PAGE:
Here are new gigantic scans of the entire 1954 LIFE magazine photo feature on L.A.'s KABC-TV superstar, Emmy-nominated horror host and All-Time #1 Monster Kid pin-up: Vampira! Click them AT YOUR OWN DOOM-RISK!
On page 107, we get a behind-the-spleens peek at how television is made, and a glimpse of a real-live KABC-TV camera. The article text seems to capture how strange and amazing the Vampira show must have been. She provided the basic 101 Skeleton Puns template for other local television horror host characters. But I don't know of any others who traded in brazen eroticism or genuine otherworldly creepiness. In the White Zombie (1932) episode the reporter witnesses, she materializes out of a billowing mist, floats to the camera looking like a sex-demon, screams into the lens... then starts telling vaudeville Halloween jokes. This is how all people should behave.
LIFE attempts to break the spell by calling out Maila Syrjäniemi's birth name and natural blond hair color, but has to concede she is genuinely weird enough to have come up with the routine.
Irrelevant note: Vampira was 31 when the article was published, which means I am running out of time to do something with my life as cool as Vampira before turning 31.
The Sun Dial is the secret!: say what you will about mounting Cold War terror and racial tension... The 1950s was the period of most adorable typography in American advertising history! I leave in this movie-culture relevant Bell & Howell camera ad, because that woman in the upper left? Look how ecstatic she is about making her own movies. Cinemania has rendered her completely helpless!
Rollo, Don't Make Cobwebs on the Furniture!: Vampira rests her bones on a fainting couch that an enterprising furniture manufacturer should repro. Is there any reason to think it might be in a warehouse on the property of former KABC-TV lot, Prospect Studios? Is there any reason not to break into said warehouse?
Fetching as her Mona Lisa Leer is, keen as it may be to see the detail on the headstone-inspired lounger... I can't help but wonder if LIFE and cropped the top photo from a full-moon view of Vampira's corpus delicti.
There's an extraneous Zippo ad on page 109. It illustrates the kind of man who uses Zippos: dads, private eyes, and golfers in pleated slacks. In 1954, it cost $8.50 to get a Zippo with a picture of a leaping trout or an Irish setter on it!
These are the pictures designed to drive Horror-wood residents nuts! Some of my favorite passages in Rudolph Grey's required-reading Edward Wood, Jr. bio Nightmare of Ecstasy are Maila Nurmi spinning yarns about hanging out after work in late-late night Los Angeles with Criswell, eating Swedish meatballs cooked by Mae West. The neighborhood around the studio is empty, quiet and lonely at night, and must have been even more-so in the '50s, and Nurmi must have been in her, er, unnatural environment.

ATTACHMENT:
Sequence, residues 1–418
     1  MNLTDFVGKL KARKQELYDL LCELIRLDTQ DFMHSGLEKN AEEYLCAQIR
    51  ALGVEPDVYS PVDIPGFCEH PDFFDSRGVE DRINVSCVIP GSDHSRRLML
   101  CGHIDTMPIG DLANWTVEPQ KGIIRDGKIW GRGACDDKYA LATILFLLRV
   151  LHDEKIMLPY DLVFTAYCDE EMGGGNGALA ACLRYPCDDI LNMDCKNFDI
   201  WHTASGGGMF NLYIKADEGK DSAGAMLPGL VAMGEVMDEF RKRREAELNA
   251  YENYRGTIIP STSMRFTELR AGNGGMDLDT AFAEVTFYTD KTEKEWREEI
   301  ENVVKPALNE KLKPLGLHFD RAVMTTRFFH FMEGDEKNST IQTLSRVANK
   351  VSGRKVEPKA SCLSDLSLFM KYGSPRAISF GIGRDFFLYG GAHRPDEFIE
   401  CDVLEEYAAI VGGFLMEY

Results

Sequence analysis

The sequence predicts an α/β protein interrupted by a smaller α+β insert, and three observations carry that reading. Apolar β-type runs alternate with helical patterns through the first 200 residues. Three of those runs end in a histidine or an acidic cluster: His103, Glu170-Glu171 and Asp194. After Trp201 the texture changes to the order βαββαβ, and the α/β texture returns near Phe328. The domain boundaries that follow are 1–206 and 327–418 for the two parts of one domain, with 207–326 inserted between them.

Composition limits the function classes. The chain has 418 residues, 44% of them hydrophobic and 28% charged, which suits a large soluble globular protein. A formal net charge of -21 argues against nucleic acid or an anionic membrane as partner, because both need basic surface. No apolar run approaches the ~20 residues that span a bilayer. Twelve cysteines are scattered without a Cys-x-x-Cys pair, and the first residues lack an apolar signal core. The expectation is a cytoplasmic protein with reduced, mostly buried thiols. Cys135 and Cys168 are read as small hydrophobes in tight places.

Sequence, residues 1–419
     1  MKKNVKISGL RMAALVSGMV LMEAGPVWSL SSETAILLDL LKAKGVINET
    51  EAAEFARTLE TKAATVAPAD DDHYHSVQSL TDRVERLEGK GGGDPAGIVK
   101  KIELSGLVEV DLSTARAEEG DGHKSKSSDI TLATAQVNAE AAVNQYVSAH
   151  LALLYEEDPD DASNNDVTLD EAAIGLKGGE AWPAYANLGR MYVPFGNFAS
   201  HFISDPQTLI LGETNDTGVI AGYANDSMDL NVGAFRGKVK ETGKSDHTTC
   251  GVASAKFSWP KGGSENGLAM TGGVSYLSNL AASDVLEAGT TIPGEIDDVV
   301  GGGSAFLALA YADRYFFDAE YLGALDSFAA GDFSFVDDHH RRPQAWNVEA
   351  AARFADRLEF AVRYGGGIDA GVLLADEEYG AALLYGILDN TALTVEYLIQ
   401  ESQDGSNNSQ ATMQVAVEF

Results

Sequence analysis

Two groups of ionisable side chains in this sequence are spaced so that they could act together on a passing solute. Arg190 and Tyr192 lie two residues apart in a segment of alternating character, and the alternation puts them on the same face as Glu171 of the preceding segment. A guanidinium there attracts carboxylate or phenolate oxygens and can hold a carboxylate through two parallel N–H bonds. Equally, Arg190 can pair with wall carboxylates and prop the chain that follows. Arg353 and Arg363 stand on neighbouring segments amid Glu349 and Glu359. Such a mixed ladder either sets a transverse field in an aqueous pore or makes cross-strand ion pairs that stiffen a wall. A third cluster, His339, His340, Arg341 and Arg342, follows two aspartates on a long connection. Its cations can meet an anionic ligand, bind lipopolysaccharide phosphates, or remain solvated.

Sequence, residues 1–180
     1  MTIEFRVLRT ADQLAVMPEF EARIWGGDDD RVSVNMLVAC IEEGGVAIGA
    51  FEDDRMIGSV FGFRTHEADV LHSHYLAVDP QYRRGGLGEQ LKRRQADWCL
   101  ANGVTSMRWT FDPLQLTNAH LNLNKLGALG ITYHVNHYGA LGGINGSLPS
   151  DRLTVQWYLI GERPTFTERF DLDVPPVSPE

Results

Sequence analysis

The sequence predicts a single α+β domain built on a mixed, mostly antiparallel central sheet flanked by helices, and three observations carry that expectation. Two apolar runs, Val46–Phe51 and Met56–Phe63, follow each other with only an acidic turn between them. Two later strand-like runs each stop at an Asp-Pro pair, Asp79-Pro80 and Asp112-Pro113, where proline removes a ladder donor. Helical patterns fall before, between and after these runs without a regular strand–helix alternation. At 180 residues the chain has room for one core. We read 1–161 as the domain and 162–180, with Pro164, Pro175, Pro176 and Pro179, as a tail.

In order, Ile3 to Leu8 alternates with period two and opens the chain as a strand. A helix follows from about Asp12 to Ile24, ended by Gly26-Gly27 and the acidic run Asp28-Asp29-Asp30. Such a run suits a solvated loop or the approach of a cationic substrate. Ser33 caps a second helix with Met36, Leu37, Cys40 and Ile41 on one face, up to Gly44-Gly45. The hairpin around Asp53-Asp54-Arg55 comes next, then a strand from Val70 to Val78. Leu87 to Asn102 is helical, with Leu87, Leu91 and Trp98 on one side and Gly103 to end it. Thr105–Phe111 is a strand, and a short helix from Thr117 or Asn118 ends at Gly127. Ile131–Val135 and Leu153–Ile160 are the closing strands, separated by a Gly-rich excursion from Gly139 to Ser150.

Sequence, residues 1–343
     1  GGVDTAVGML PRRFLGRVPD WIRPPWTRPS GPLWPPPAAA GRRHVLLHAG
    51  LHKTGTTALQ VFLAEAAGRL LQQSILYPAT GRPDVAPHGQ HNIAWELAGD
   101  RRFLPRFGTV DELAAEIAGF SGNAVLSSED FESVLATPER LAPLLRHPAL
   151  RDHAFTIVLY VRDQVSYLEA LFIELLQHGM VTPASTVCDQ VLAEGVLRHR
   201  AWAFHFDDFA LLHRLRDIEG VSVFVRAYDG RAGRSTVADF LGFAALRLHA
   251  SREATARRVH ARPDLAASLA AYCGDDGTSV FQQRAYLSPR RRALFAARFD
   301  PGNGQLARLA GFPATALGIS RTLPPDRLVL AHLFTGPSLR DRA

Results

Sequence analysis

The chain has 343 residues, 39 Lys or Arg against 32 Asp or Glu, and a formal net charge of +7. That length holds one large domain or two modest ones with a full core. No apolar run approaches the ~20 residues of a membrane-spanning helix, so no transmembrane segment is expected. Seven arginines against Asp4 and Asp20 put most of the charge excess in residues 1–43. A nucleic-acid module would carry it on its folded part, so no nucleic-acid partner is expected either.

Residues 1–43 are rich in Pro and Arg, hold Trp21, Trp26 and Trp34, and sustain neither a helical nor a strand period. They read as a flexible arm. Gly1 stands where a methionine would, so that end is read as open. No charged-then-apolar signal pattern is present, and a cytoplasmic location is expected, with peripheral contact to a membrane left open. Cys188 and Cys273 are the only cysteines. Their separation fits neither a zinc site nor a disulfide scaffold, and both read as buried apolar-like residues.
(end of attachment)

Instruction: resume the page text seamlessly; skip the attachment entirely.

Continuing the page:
By the by, it's possible to take a brief and very cool Plan 9-alumni walking tour, from the old KABC-TV studios, down the road a pace past the original Monogram soundstage at Sunset and Fountain, where Bela Lugosi made nine beloved and/or lamented films, depending on who you're drinking with. At the Hollywood/Sunset intersection, Mr. Wood had his first office. The diehard will want to continue down to the Santa Monica and Wilton area, for between Gold Diggers (located at 5632 Santa Monica Blvd.), the grossest strip joint in the charted universe, and the Harvey Hotel, should one peer into the gated alley, stands the remains of Quality Picture Studios. In that hallway-sized soundstage, for $200, Vampira made her sort-of-in-character film debut; and if oral history is to be believed, the director would pop into Gold Diggers for drinks. If anyone harasses you while standing in the dark alley next to a strip club, just tell them you're a film historian.
The middle photograph A) hilariously illustrates how much old duffers at the bus stop hate Vampira, and B) is remarkably captioned. Would any contemporary celebrity be happy with a caption declaring them "HAUGHTY"?! It wasn't just the fetish fashion or the camp and cleave: Vampira's resolute confidence is inspirational.
The sharp-eyed will note that Vampira is being chauffeured past the Security Trust and Savings building, at 6381-85 Hollywood Blvd at Cahuenga (built in 1921). Here's a giant photo of the building from the L.A. Dept. of Planning.
The top photo, of Vampira tooling around the neighborhood in a rented Packard, looking either regal or irritated, is priceless. On her show, late at night, shrouded in the mist of the shabby studio set, Vampira was in her own world, a dark star in a city of blinding sunlight. This photo encapsulates the dizzy contradiction of the Night Mayor of Los Angeles.
Things We Learned!
-This article reminds us all of a pressing issue in our world, which is the lack of an acceptable DVD of Fog Island (1945). We will be petitioning Criterion's Eclipse label for a "Late PRC Thrillers" box set.
-LIFE Magazine is hard to scan!
-It is rumored that the KABC archive contains scraps of Vampira footage, probably the three-minute promo clip we will see in Vampira: The Movie. In the meantime, this clip (likely from the same source) is all that is to be had online: